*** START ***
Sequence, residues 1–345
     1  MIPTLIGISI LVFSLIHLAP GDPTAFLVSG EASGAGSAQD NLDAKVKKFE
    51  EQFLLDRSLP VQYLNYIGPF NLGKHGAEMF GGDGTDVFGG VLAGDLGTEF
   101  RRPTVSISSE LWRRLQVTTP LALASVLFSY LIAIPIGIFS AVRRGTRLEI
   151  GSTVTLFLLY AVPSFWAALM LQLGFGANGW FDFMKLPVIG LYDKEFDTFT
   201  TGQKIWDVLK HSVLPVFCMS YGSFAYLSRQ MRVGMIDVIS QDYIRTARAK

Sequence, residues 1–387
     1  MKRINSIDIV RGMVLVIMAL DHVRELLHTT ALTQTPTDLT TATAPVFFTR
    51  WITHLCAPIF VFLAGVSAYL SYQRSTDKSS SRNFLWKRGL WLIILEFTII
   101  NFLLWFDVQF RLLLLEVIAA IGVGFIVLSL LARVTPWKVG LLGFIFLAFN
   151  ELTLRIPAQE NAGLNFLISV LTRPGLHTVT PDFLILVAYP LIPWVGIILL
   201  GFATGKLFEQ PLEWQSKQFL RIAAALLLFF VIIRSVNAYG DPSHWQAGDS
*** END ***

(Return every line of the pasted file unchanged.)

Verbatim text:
Sequence, residues 1–345
     1  MIPTLIGISI LVFSLIHLAP GDPTAFLVSG EASGAGSAQD NLDAKVKKFE
    51  EQFLLDRSLP VQYLNYIGPF NLGKHGAEMF GGDGTDVFGG VLAGDLGTEF
   101  RRPTVSISSE LWRRLQVTTP LALASVLFSY LIAIPIGIFS AVRRGTRLEI
   151  GSTVTLFLLY AVPSFWAALM LQLGFGANGW FDFMKLPVIG LYDKEFDTFT
   201  TGQKIWDVLK HSVLPVFCMS YGSFAYLSRQ MRVGMIDVIS QDYIRTARAK

Sequence, residues 1–387
     1  MKRINSIDIV RGMVLVIMAL DHVRELLHTT ALTQTPTDLT TATAPVFFTR
    51  WITHLCAPIF VFLAGVSAYL SYQRSTDKSS SRNFLWKRGL WLIILEFTII
   101  NFLLWFDVQF RLLLLEVIAA IGVGFIVLSL LARVTPWKVG LLGFIFLAFN
   151  ELTLRIPAQE NAGLNFLISV LTRPGLHTVT PDFLILVAYP LIPWVGIILL
   201  GFATGKLFEQ PLEWQSKQFL RIAAALLLFF VIIRSVNAYG DPSHWQAGDS